The Dawn of Higher Education in Malaysia

loading College of Medicine building

They may appear solid today, but our schools had challenging beginnings.

According to Alexander Carr-Saunders, the architect of colonial universities, there was “little sympathy with local aspirations for university education” before the Second World War.[1] While the Advisory Committee on Education in the Colonies (ACEC) once envisioned a system in which every colony would have elementary and secondary schools, as well as technical and vocational institutions up to the tertiary level by 1925, the idea of a university was not yet a priority in British policy.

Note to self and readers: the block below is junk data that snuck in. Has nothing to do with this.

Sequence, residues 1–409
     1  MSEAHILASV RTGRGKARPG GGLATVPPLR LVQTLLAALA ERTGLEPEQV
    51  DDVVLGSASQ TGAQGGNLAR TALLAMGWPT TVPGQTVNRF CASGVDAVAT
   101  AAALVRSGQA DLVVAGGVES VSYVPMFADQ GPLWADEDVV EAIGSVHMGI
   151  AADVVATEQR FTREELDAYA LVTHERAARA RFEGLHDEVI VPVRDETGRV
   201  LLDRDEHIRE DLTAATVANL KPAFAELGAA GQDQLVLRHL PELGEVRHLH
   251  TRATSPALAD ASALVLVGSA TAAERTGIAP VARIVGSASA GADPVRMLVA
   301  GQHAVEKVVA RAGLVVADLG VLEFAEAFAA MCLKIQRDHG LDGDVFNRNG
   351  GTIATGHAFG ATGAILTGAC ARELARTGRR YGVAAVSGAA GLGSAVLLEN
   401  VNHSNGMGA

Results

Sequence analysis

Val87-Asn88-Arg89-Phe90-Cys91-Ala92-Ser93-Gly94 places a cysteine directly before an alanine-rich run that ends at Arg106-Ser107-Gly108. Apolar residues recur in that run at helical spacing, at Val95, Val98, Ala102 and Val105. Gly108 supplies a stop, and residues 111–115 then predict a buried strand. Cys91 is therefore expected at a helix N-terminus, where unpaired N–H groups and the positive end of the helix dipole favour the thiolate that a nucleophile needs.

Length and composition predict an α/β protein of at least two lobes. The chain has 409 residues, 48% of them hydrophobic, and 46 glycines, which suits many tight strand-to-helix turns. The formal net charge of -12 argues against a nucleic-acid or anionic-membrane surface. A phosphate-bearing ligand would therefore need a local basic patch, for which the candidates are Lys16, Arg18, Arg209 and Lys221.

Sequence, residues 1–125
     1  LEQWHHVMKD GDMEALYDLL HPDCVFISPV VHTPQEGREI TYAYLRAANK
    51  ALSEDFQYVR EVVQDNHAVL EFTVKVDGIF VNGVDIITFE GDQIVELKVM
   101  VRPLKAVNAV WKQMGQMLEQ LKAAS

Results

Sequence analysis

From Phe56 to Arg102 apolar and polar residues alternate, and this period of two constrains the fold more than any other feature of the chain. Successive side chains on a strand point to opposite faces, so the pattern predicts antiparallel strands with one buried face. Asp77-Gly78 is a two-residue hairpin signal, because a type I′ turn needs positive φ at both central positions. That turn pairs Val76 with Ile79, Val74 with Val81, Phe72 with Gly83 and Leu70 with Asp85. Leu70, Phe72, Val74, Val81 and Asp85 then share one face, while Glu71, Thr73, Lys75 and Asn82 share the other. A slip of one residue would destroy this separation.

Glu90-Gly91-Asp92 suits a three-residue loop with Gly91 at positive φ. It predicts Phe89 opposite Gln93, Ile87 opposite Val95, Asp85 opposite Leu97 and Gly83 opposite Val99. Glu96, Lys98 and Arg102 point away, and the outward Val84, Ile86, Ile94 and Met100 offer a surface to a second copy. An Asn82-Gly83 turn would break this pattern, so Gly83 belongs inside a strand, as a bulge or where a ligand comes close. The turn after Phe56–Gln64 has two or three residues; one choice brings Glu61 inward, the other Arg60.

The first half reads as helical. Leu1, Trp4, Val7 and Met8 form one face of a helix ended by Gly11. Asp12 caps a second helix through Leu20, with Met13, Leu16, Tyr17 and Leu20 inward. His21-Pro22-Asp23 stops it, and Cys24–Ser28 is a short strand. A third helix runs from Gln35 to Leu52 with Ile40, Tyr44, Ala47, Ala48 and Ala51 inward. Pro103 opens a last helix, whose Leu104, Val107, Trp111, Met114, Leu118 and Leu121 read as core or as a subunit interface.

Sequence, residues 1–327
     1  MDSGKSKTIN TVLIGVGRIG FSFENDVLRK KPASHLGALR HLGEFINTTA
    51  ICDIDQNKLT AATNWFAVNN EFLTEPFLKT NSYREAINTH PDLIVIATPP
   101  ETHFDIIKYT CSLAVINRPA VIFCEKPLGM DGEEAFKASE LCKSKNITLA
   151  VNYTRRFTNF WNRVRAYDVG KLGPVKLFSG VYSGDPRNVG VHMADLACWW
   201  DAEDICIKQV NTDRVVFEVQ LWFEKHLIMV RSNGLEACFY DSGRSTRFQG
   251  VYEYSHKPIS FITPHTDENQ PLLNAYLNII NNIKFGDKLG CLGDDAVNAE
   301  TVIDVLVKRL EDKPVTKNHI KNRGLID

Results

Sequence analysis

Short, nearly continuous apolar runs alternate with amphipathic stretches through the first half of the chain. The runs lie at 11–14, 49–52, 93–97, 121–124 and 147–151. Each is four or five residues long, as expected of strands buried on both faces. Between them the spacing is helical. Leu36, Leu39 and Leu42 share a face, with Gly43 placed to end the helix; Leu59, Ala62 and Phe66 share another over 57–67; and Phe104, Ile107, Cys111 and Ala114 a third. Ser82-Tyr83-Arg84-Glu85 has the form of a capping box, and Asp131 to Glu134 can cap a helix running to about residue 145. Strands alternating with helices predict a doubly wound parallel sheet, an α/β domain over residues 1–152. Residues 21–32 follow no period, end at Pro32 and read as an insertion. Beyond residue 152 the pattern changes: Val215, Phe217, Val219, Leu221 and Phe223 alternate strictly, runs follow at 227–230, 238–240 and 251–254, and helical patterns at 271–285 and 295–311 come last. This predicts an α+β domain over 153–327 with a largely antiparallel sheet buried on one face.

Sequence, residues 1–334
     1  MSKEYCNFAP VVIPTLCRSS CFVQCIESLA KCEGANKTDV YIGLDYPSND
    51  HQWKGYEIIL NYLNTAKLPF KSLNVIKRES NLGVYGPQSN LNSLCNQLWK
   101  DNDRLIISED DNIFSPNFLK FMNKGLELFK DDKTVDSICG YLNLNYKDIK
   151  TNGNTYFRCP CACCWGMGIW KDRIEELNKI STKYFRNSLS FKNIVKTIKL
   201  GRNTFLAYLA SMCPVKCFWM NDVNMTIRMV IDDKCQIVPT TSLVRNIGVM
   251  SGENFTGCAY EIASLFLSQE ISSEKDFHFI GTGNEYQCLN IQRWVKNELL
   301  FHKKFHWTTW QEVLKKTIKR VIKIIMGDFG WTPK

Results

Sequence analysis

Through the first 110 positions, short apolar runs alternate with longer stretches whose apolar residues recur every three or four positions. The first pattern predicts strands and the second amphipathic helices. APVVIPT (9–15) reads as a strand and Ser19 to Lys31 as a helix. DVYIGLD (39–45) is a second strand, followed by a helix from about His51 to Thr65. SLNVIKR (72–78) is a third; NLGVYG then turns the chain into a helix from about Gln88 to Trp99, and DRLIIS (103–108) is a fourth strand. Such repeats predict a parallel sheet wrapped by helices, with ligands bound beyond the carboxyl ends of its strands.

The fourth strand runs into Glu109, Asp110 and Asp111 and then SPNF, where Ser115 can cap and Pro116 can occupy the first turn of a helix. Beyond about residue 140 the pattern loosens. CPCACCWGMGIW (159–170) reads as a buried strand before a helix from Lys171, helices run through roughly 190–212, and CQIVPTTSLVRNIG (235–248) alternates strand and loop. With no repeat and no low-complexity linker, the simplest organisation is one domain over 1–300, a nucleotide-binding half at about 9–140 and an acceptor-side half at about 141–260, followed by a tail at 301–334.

The empire, after all, only had four universities at the time, in the regions of Malta, Jerusalem, Ceylon and Hong Kong.[2] While requests were aired for a Malayan university, it was not until after the war that they were granted attention.

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